For those who are nervous to point out that two broken bones in 18 months is a bit suspicious and could point to something more serious, we preemptively thank you for your concern.  Rest assured that the thought has crossed our minds as well, but five different doctors and six nurses have told us that both injuries “make sense” as far as the accidents themselves, and we should chalk it up to good old bad luck. 50 percent of me believes them. Don’t think for a second that I won’t continue to look into it further.

This is how he woke up from anesthesia…Oh Zachary.

If you ask him about it, he says

“I broke my leg.  The doctors helped me, but I was a little bit scared”

Direct quote.


51 responses to “The Negative Is A Given…May I Instead Express My Gratitude?

  1. I heard that direct quote from the sweet boy himself… he seems a little bit fascinated by the whole thing!! I also heard that he had an orange popsicle and then took a nap, then had a blue popsicle, then took a nap, then had a green popsicle… =)

    Given all that your family has been through recently, I’m so glad that you had some comfort during this frightening ordeal!!

  2. I’ve been waiting to read this. Poor baby. But in true Zachary style, he is so strong and that smile just melts my heart. Feel better soon little guy. Give him a huge hug from us.

  3. glad that during a really crappy thing — people stepped up and treated your family amazing!! Our family will pray for Zach and yours!

  4. Oh Emiy, sorry to hear of your little boys mishap.Hope his recovery is swift which i’ m sure will be awhile..
    But kids are resilient. & he will find a way to motor.prayers for all.

  5. Emily- I am brushing away tears as I read this…dismayed that this has happened to our sweet Zachary, but also with joy at your experience at Mt. Sinai. I’m so glad that your experience was at least as good as it could be under the circumstances. Hugs to all of you and a big smootch for Mr. Z.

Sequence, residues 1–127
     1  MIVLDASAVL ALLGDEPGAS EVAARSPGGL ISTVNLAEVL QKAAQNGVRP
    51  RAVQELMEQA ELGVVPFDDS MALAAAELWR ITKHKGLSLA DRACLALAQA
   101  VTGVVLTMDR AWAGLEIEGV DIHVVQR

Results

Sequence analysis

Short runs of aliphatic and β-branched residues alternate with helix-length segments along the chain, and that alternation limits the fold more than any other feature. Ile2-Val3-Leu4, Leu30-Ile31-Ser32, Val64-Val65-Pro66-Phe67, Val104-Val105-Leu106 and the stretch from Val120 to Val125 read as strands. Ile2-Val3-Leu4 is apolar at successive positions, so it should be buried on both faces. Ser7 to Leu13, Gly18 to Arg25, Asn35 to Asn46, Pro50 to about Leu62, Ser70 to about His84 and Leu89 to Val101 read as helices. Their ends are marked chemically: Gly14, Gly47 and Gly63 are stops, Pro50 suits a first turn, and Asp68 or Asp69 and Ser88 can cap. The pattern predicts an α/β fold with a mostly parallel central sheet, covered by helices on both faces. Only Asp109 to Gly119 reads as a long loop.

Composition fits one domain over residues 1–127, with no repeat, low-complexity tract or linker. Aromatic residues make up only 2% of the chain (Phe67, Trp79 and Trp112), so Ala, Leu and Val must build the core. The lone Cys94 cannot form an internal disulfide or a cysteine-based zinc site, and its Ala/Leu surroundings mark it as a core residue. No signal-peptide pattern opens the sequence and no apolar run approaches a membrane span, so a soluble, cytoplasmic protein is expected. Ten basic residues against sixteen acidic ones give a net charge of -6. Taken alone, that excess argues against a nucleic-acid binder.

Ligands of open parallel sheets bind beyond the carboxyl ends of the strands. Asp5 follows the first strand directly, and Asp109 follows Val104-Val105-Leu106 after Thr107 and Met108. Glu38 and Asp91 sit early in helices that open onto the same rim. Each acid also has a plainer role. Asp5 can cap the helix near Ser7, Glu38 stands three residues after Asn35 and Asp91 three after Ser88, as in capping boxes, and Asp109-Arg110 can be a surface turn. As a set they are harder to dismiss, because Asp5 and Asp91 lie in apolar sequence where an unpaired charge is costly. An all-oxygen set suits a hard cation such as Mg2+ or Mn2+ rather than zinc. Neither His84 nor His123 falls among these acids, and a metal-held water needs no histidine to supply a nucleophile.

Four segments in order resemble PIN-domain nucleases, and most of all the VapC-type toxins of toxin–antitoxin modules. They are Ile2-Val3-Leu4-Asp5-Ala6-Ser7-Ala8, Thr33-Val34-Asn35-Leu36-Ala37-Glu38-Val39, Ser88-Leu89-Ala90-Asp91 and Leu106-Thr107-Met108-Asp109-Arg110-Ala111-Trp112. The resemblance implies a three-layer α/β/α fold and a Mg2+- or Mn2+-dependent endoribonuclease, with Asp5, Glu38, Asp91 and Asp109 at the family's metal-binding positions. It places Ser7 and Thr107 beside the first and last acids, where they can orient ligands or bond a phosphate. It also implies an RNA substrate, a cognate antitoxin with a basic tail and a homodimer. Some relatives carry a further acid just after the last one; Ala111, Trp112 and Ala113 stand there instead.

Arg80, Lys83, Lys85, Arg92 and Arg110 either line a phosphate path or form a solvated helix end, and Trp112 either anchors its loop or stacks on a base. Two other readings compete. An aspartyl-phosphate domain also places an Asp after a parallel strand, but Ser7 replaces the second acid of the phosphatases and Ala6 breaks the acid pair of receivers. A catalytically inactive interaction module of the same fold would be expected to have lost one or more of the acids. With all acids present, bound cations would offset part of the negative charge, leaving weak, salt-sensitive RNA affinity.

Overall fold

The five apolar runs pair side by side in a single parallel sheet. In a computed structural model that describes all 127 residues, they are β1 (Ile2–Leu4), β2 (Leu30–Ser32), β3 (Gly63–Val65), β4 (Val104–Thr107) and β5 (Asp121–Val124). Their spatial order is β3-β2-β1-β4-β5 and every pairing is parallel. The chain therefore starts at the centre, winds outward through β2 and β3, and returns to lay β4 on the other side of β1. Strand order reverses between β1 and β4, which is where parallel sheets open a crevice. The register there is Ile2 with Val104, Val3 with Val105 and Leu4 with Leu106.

• Awwww, Becky….smootch passed on to Z. Thank you. And what you didn’t know, as I was waiting for my teaching schedule was that I was supposed to be in LA from yesterday to monday. I was about to text and see if I could stop by this weekend. 😦

  6. He is amazing!

  7. John Perricone


    I know of few experiences that burden the heart more than seeing your child in pain. Next time we get together, I’ll tell you about the three weeks Vicki and I spent at the Ronald McDonald House when Loren was ten and had to be hospitalized for three weeks for an “abnormaility” that showed up on a brain scan. I will never forget the people there who enveloped us with love, and I will never see the small jar on McDonald’s counter in the same light. For all the misery that the evening news delivers to our lives each day, it’s so nice to be reminded that there are always angels in our midst doing the right thing. Our love to you and to Zachary.

    P.S. Don’t give it a second thought, but we thought it was important to error on the side of caution — child protective services have been alerted.

    • wow…so much to comment on. First of all, I would have had to be put away if I went through what you went through with Loren. That is terrifying. I am so glad everything was OK. How did you get through those three weeks?

      Second…child protective services…agreed. I actually find it strange that nary a social worker questioned us! Seriously! I’m sure there were “behind the scenes” discussion, but as this injury happened in Central Park around 50 people maybe they felt it wasn’t necessary.

  8. Oh Zachary!!!! Hugs and kisses–what a brave boy you are! now let’s find you a more sedentary hobby–checkers? Adlibs? Chutes and Ladders? 🙂 XOXO

  9. He is the bravest little boy I know and I love him and all of you to the moon and back!!

  10. Poor Zachary! It is extremely difficult to know your child is in pain and not be able to fix it immediately. Thankfully you were given a choice of hospitals and were able to go to one whose core value of making children comfortable was apparent the moment you walked through the door and reiterated with each employee you encountered. I am positive you will find ways to make the next six weeks pass by quickly for Zachary ~ perhaps there are some more toy making projects in your future. 🙂

  11. Sending you and your family much light for a quick healing for Zachary and a graceful recovery for all! xxoo

  12. Oh Emily! What an ordeal!! As a mom, I know how awful and scary it is to see your children in pain. I hope he heals quickly. Sending you lots of love and healing energy!

  13. Only you could make us laugh at such a horrific 2 days…. And 6 weeks to come!!! Love you all tons!!!

  14. Oh, dear, sweet family, I’m so sorry.

    Loving healthcare professionals make me just sob. Of all the Times we need humanity…thank goodness for all four of you they know what kids’ hearts need.

    • Thank you, Christine. We are doing surprisingly well. Kids are certainly resilient. Its a huge adjustment, but we are figuring it all out.